Modeling of Linkers/Selectors

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Michele
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Modeling of Linkers/Selectors

Post by Michele » Mon Jun 01, 2015 7:40 pm

To resume today's discussion (Meeting Minutes - 2015-06-01), I am looking at the model we depicted in our ITC poster
SJTAG System.png
What methods/features would a Linker need so that it can be included in the System Model and be used by the SJTAG Manager? We need to find the minimal set of primitives that can express the operation and instantiation of it.

Operation-wise, my proposal is :
- a linker is an element proposing "n" derivations
- the select(i)/deselect(i) methods allow the SJTAG manager to change the status of derivation i
- is_active(i) allows the Manager to query the System Model of the status of connection i. NB: this does not necessarily requires an access to the System Under Test

So, a vendor would need to provide this three methods as part of the SJTAG compliance, like a documentation. The format might be UML or anything else we come up with (ex a C function)

We will also need to add the Linker to the Circuit Model, so we need methods to:
- add the Linker node
- handle the node (ex: how to add derivations, are there link bits or not, etc...).

The post is already long, I will make a separate entry for the last topic.
Last edited by Ian McIntosh on Tue Jun 02, 2015 7:14 am, edited 1 time in total.
Reason: Added link to Meeting Minutes

User avatar
Michele
SJTAG Established Member
Posts: 31
Joined: Wed Nov 11, 2009 8:39 am
Location: Grenoble, France

Re: Modeling of Linkers/Selectors

Post by Michele » Tue Jun 02, 2015 7:54 am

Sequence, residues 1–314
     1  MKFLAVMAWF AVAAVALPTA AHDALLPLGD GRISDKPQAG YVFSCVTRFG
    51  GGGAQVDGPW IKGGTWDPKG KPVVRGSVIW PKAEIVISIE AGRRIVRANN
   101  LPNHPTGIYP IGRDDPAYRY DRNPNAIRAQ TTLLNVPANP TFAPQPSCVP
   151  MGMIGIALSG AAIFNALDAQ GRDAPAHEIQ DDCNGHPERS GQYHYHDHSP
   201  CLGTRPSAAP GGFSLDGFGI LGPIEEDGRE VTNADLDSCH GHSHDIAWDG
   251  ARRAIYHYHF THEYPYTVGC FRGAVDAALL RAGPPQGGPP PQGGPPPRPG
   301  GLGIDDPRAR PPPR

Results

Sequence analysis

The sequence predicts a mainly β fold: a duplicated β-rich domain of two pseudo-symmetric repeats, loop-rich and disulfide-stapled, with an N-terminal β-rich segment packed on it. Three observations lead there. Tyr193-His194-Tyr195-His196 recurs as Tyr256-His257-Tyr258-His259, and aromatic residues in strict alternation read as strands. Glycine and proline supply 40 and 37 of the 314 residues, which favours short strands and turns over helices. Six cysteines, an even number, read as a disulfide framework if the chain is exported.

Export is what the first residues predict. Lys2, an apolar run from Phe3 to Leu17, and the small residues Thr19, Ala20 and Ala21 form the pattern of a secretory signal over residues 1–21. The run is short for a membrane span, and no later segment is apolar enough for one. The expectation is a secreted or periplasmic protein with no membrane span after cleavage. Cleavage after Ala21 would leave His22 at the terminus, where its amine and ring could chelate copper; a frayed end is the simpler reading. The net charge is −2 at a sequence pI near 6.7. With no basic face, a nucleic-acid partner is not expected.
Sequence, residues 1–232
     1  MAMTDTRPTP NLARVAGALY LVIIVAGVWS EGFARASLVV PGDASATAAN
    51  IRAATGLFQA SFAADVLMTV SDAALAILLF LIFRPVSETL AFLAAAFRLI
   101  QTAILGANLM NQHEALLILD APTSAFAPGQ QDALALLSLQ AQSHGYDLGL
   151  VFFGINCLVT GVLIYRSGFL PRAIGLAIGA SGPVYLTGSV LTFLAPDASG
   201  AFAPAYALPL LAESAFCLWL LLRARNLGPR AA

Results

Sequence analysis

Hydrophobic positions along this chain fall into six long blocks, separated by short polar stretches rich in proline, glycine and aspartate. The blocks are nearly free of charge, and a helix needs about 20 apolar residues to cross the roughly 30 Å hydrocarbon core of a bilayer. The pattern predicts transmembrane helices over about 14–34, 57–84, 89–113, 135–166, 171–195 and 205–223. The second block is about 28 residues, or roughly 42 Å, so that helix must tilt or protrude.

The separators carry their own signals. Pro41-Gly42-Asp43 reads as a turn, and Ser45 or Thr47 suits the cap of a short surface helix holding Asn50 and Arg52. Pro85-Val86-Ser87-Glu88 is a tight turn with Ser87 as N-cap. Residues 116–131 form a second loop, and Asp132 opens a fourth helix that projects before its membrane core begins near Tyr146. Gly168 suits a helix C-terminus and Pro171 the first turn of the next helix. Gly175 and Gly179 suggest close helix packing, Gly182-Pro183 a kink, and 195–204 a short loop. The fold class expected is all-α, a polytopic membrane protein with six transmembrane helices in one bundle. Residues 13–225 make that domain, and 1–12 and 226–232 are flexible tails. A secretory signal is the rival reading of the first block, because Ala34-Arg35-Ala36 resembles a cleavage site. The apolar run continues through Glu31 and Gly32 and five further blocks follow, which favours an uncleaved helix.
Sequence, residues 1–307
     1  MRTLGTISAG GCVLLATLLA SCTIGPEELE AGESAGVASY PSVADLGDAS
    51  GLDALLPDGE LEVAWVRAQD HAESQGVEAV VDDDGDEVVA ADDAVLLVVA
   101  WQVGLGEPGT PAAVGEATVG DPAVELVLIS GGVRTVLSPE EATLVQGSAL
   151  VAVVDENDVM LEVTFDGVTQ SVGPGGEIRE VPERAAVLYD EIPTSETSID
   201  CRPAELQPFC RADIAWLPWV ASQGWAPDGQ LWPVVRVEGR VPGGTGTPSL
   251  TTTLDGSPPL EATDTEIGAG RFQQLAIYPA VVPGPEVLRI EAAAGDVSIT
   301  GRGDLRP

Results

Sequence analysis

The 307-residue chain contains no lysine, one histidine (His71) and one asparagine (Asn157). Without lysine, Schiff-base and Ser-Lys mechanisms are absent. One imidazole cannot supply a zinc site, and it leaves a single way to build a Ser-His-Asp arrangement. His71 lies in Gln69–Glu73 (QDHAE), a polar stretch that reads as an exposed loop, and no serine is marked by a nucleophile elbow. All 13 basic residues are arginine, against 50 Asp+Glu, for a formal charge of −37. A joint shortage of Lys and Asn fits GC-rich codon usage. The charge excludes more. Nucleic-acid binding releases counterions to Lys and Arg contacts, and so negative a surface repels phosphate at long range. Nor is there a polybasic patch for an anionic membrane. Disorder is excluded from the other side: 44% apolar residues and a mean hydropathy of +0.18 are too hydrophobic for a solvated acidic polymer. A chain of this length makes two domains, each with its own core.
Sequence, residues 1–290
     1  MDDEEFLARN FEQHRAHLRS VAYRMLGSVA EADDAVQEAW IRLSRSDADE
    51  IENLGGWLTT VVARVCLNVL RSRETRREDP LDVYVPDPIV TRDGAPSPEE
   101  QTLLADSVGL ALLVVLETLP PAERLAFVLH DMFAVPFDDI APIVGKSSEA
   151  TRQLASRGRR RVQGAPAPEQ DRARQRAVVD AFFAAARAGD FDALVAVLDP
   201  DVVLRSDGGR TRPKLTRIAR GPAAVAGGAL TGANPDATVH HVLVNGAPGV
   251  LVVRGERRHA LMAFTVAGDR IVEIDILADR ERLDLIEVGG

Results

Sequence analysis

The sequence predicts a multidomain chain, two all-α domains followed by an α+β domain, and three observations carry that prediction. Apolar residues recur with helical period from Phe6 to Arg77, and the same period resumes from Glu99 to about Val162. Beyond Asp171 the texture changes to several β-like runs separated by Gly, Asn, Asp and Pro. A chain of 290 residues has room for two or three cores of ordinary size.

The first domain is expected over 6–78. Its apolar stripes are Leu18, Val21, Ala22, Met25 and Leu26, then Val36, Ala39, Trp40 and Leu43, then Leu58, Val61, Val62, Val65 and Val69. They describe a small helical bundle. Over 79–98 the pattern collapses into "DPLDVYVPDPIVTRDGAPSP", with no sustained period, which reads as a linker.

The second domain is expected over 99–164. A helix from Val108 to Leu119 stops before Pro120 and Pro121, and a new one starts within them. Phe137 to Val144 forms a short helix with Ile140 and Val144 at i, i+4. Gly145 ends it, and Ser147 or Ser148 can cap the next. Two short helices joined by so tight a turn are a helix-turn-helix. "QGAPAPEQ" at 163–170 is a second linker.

Let me try to elaborate the concepts of the previous post:

- when the SJTAG manager needs to access derivation i, it queries the linker with linker.is_active(i);
- if the answer is false, it can make it active by calling linker.select(i);
- when the derivation is not useful anymore, it can be taken offline by calling linker.deselect(i);

The device vendor just needs to provide the object encapsulating of the three methods, that can be as simple (or as complicated) as possible, and simple describe the behavioural usage of the linker, not its internal structure (this is a BIG difference if compared to 1687 ICL). The Object-Oriented approach allows the vendor to enhance the basic node with his own internal representation, which can remain private if he does not wish the information to be disclosed. Thanks to the overloading of the methods, the SJTAG manager is completely oblivious of what is actually happening inside the linker.
Similarly, the linker object can be the composition of basic SJTAG Circuit Model nodes to express link bits and similar.
Let me go through the examples I put in the UML:
SIB UML v01.png
The "crossroad" object (representing the ScanMux to use 1687 terminology) contains the methods described above, but the SIB is also composed by a one-bit TDR register controlling it, which is therefore added to the CM. "is_active" just looks at the value of the control TDR bit, while select/deselect modify its value. In the image there is a fourth method that I did not describe yet: set_cross. Its role is to handle the low-level operations needed to actually changing the status of the crossroad: in this case, changing the value of the TDR bit.